At the intersection of application delivery trends like agile methodology and abstracted development languages, lies an interesting byproduct: adaptive apps. The days of enormous enterprise systems cast in code are over – light-weight, light-risk apps that evolve with business needs are here.
The cloud is a given, as is mobile, and we’re getting to the point where IT departments can produce results (read: enable change) at the same speed as their consumer counterparts – security and integration included.
Enterprise apps are living organisms genetically [and literally] programmed to create business value. The moment they stop producing an ROI, they die – and in order to keep producing an ROI, they have to grow, expand, and evolve. In today’s landscape of fast, light-weight apps – “maintaining” an app isn’t just processing and deploying change requests on a quarter-by-quarter release schedule. Maintaining an app means creating a continuous feedback loop between end users (those truly responsible for weaving value from an app) and the project team responsible for enabling that value.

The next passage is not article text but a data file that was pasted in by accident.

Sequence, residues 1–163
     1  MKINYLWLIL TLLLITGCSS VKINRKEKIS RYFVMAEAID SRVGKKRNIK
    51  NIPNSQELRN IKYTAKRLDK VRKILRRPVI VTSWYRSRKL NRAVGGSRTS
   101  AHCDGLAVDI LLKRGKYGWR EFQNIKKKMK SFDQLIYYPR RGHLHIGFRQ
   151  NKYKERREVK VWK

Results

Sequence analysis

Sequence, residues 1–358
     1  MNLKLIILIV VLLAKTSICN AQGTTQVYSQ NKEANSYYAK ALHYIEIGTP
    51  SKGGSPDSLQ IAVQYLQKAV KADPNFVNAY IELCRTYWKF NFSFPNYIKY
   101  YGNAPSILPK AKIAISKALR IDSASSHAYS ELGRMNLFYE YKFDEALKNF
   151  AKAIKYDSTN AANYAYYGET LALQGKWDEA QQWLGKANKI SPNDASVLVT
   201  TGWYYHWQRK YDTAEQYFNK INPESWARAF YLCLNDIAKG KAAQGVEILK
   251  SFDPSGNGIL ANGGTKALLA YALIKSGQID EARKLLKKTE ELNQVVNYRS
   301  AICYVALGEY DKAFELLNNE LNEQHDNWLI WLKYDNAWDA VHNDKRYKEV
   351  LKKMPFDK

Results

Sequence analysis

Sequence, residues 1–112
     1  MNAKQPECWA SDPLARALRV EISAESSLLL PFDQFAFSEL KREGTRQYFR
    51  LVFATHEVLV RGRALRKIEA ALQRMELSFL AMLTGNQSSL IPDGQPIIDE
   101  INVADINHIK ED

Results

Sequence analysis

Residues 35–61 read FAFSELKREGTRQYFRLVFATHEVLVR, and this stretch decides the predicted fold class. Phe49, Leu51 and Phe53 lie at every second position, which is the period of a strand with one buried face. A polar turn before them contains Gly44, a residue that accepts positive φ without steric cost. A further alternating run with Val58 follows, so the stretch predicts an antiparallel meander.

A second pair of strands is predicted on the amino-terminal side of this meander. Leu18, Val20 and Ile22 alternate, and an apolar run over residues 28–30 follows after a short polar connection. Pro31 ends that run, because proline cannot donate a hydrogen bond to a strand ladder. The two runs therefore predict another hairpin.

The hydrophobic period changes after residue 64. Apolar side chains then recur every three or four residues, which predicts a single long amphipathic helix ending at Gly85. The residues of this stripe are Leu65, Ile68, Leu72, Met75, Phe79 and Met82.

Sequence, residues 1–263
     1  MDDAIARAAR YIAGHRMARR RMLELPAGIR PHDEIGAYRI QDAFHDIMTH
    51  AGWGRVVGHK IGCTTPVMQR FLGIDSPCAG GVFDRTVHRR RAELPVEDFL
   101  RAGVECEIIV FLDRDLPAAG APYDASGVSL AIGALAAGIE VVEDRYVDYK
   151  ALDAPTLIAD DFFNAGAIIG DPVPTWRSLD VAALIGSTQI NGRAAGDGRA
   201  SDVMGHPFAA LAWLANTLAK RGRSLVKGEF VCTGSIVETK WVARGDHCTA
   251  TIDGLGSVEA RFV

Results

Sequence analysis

If you’re initial response to this is: “Well, wouldn’t that be great – but we’ve invested eight figures into our technology and it’s no longer cast in code, it’s cast in spaghetti because of all the changes we’ve made to it. Keeping this system alive by employing a small city off-shore is cheaper and faster than rebuilding the whole thing and sprinkling it with plant food. Now what, Eric?” – Stay calm. Keep reading.
Ripping and replacing software isn’t the proposed solution here – in fact, there’s probably some value living in that pile of spaghetti that you can still make use of. The data layer for instance – it usually doesn’t need to evolve with business needs the way logic and presentation layers do. So keep your gargantuan implementation intact, just stop throwing money and bodies at it. Start thinking lean and smart about your enterprise app ecosystem.
While all of this may sound very Zen to some, we work with companies that are living out this philosophy in their technology strategy today. It takes some getting used to – as do the previously mentioned trends that make this strategy possible – but the market shift to ‘build for change’ is measurable. More and more research suggests that end user organizations (non-tech) have caught up to tech organizations in agile adoption. Companies in all industries see value in adaptive apps just as tech companies must evolve their products and services to compete – does yours?